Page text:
For we are God’s handiwork, created in Christ Jesus to do good works, which God prepared in advance for us to do (Ephesians 2:10 NIV.)
Friend to Friend
I didn’t know her well, but one thing that stood out about her was her words. A constant stream of unwanted and unsolicited critique flowed from her lips. It often made the person on the receiving end feel small. Honestly, it was confusing.
One day we just happened to be at the same event. This woman had a family member with her. When the event ended, the woman jumped in to help clean up. I couldn’t help but notice how the older family member shadowed her, critiquing her every move. Nothing she did seemed to be right.
Oh, that’s where it came from.
This not only gave me insight but compassion for her. Isn’t it crazy how we hold on to, or even pass down, critical words when they’ve been spoken over our own heart? When I look up the definition of the word critical, it’s harsh. It includes words like:
If you’ve been on the receiving end of a critical person, it may make you feel. . .
So, how can we break this cycle?
It’s key to understand the difference between constant or chronic criticism and helpful critique. The first highlights all the vulnerable parts of who you are and completely overlooks the good. It’s dished out by a critical or even broken person. The words poke. They prod. They leave a mark. Helpful critique recognizes all the valuable parts of who you are or what you did, while gently revealing areas where you can grow.
Second, it’s important to remember that we are a good work.
For we are God’s handiwork, created in Christ Jesus to do good works, which God prepared in advance for us to do. (Ephesians 2:10 NIV)
In a few versions of this scripture, we are described as a masterpiece. That can feel a little hard to accept, especially if you’ve been on the receiving end of a toxic or chronic critique. Yet, it’s vital we understand that we were created for a purpose. We were formed in the image of God. When we embrace the words of a critical person as our identity, we are giving away a portion of a good thing.
So, how do we practice this in real life?
- Remember that while their words carry weight, God’s words matter more.
- Confront unhelpful criticism by pouring out God’s word over your heart daily. His words are a shield, a light, and help you distinguish between what is true and what is not.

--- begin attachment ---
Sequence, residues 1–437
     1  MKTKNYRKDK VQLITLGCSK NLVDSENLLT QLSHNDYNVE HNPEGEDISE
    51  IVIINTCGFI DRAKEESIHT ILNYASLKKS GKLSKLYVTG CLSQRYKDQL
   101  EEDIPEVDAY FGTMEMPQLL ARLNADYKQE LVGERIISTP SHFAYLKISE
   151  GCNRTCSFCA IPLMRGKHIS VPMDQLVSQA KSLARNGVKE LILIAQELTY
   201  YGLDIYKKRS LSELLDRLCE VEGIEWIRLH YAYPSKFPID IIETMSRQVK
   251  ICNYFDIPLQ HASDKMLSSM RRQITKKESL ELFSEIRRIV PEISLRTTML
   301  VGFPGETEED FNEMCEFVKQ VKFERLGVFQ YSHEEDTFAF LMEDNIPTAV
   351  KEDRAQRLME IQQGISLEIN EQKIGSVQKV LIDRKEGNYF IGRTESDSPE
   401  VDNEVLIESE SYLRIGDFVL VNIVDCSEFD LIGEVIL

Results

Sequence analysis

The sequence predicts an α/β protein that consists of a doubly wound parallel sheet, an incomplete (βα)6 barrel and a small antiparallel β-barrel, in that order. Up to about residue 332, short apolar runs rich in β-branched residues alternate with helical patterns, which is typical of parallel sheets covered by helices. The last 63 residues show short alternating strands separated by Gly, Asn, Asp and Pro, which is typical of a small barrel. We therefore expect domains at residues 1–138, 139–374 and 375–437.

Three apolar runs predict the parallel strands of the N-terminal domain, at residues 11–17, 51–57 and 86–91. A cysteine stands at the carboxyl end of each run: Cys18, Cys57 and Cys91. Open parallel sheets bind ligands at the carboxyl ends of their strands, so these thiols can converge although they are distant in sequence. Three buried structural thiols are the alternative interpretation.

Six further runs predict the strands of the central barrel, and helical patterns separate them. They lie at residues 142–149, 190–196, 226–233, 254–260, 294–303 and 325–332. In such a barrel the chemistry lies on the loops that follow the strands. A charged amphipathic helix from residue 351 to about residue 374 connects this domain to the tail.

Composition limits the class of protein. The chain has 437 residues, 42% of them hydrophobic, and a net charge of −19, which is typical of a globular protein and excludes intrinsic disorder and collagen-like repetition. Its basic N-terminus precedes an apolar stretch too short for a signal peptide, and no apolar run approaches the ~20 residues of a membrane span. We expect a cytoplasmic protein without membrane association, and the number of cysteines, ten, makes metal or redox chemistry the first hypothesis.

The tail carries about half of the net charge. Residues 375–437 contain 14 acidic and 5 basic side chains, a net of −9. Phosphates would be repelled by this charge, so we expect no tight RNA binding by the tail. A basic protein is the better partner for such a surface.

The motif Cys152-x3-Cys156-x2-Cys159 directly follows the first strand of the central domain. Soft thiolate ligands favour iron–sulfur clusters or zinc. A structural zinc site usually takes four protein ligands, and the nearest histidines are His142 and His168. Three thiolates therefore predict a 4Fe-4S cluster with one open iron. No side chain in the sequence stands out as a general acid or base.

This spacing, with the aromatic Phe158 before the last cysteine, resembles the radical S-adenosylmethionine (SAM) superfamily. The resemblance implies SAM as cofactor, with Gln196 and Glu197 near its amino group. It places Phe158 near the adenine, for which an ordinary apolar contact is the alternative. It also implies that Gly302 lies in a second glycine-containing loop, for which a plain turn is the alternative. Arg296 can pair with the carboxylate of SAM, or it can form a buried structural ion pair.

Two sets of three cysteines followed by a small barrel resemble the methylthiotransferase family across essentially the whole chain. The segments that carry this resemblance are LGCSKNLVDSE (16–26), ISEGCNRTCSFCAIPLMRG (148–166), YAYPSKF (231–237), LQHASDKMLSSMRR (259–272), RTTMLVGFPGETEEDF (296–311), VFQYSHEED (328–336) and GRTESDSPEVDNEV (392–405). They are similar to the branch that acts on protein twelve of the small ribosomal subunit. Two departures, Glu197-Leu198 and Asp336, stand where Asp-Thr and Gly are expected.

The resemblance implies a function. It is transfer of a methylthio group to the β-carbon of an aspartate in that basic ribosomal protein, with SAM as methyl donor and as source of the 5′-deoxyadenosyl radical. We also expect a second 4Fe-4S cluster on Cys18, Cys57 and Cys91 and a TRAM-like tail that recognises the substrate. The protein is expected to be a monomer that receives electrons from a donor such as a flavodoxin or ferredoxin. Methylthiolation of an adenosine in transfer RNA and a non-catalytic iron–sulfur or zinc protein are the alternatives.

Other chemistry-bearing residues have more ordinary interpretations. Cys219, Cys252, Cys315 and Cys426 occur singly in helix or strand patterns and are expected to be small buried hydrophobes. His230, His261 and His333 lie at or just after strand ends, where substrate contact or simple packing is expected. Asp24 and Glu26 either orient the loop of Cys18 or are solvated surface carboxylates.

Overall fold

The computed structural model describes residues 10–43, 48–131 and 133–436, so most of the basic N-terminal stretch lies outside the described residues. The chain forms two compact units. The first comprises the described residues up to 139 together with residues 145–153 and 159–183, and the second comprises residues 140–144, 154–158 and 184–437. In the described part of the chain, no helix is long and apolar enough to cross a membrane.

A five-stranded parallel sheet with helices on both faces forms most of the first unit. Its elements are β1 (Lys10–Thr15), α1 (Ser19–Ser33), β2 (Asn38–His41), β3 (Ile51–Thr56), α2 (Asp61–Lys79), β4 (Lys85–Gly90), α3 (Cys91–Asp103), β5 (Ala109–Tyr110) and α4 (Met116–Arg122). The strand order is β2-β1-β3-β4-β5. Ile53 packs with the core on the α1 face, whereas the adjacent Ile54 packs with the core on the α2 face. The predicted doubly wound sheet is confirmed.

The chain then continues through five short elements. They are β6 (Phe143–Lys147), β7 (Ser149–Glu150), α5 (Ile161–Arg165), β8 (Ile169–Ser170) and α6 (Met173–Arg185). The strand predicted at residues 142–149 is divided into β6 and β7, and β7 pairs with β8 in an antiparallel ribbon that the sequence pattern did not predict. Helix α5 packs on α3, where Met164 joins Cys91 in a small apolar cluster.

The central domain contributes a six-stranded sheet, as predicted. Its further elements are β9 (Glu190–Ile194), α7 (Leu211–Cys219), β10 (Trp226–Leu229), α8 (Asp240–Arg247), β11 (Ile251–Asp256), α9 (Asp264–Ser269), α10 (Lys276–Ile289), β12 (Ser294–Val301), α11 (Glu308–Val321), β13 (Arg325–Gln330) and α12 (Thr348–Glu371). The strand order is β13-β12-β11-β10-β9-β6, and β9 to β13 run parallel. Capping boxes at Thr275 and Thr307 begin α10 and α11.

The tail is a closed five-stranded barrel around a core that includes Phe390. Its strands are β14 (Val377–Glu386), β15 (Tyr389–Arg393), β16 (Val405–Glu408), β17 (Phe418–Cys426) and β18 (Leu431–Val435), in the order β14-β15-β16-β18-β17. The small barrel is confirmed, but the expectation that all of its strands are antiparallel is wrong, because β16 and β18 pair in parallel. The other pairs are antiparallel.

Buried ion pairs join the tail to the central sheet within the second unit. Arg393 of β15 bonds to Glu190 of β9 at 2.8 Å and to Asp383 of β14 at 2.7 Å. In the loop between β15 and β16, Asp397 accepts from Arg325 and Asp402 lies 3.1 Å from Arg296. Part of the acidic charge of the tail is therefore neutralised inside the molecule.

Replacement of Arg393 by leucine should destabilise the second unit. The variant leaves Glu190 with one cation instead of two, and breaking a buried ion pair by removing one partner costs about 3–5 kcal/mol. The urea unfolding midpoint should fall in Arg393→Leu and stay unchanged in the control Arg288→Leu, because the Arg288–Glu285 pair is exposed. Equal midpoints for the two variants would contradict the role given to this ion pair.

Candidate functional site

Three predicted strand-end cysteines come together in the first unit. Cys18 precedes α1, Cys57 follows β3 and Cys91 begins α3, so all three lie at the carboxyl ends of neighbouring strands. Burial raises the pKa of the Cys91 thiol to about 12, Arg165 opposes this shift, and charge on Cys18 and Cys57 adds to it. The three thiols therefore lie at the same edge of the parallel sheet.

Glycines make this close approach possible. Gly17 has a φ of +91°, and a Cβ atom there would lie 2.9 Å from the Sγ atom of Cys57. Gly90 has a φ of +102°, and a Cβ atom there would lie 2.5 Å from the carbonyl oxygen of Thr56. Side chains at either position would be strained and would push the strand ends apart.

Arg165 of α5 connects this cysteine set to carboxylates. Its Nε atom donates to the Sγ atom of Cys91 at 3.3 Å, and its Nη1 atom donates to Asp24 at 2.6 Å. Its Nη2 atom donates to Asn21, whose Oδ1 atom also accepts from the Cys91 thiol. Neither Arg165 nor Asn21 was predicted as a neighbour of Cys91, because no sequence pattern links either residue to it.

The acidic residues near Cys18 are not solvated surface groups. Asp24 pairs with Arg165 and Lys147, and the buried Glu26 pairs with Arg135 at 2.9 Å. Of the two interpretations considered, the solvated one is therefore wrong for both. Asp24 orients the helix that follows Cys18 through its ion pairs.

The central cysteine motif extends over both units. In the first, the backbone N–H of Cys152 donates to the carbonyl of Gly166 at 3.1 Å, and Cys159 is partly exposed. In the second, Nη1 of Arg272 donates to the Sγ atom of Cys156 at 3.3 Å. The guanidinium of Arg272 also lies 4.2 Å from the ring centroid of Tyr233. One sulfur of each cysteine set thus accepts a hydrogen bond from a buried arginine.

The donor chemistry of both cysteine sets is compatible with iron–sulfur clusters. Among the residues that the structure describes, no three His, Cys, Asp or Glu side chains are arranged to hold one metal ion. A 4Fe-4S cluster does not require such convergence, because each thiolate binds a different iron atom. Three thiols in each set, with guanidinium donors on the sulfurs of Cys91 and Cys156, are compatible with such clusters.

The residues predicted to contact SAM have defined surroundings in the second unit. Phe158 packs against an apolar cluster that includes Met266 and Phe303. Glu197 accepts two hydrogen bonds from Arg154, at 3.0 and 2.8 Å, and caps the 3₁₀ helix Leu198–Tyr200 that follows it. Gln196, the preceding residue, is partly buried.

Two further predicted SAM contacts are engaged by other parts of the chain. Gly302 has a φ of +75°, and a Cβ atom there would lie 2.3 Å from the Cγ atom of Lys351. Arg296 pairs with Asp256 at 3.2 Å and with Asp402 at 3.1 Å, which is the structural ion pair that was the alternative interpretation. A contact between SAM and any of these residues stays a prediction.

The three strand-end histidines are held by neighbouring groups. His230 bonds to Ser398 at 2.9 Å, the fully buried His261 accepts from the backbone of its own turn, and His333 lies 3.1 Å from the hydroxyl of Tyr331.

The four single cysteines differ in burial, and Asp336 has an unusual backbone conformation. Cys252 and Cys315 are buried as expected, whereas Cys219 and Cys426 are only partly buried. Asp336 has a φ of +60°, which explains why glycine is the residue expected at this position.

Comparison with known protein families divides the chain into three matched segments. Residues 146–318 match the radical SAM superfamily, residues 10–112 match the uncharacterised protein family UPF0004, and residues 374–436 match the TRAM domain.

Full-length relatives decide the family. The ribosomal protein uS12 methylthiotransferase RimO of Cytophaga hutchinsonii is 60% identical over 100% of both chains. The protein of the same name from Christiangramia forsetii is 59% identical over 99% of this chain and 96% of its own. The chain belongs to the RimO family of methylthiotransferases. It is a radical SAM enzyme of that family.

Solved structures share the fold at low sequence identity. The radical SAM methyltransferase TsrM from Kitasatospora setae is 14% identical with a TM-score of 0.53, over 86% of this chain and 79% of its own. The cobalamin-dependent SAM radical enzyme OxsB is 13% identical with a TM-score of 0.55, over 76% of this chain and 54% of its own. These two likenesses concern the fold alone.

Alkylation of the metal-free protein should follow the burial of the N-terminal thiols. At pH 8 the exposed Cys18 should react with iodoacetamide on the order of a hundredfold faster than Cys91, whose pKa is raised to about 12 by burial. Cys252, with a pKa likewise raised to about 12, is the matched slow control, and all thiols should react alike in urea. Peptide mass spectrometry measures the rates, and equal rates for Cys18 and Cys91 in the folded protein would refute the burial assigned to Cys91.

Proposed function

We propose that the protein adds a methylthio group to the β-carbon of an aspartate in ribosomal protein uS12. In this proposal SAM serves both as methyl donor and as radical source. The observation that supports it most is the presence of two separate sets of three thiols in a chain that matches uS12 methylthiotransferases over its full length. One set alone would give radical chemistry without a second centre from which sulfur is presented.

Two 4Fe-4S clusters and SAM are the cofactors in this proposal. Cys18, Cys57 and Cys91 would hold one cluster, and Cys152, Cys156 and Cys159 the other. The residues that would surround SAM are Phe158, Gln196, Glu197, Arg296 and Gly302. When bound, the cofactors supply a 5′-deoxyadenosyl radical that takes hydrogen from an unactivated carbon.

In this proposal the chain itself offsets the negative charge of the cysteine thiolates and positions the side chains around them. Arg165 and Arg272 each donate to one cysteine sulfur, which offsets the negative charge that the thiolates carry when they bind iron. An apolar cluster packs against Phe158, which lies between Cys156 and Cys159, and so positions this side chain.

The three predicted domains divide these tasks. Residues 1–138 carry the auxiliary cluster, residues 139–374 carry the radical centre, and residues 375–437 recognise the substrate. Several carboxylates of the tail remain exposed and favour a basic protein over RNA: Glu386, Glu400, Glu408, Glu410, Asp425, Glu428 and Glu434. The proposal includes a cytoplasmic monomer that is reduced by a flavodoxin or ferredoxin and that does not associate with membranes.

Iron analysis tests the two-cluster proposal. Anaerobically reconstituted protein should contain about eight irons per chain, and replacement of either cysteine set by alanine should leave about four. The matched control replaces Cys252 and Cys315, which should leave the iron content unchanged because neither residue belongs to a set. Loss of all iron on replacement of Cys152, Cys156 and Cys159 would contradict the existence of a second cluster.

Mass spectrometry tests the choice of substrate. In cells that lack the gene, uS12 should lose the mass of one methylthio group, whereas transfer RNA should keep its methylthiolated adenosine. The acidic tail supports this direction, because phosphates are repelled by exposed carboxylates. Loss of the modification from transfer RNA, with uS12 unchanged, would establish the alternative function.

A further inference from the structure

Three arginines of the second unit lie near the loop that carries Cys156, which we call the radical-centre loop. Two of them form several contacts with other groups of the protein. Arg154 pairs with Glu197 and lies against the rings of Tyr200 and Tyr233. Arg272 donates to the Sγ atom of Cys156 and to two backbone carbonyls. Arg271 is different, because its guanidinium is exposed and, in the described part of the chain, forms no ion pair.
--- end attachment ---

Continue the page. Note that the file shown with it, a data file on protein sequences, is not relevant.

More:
- Remember that your identity as God’s masterpiece is not theirs to take. And just as important, that chronic, unhelpful criticism is not yours to receive.
- And while you’re at it, be kind to yourself. Refuse to repeat chronic or unhelpful criticism from anyone over your own heart.
The good news is that you don’t have to embrace, pass down, or be identified by anything other than who God says you are – for you are the handiwork of a good, good God.
Jesus, I may not be able to stop the hurtful words that fall from the lips of another, but I don’t have to hold on to them as if they are true. Expose all the words I’ve tucked away in my heart that don’t belong there. If I ever feel tempted to drop those critical words over another, help me see that person as you do.
In Jesus’ Name, Amen.
Now It’s Your Turn
What are a few critical words that have been spoken over you that you refuse to speak over someone else?
Put a big X through those critical words that have been spoken to you.
Write three words above that describe how God sees you.
If being critical is a go-to, ask the Holy Spirit to shine a light on that and for help and healing. That is a strong, beautiful move.
More from the Girlfriends
Throughout Suzanne’s book, JoyKeeper: 6 Truths That Change Everything You Thought You Knew About Joy, she shares how to confront lies that feel true, and how that leads to joy that cannot be stolen.
© 2021 by Suzanne Eller. All rights reserved.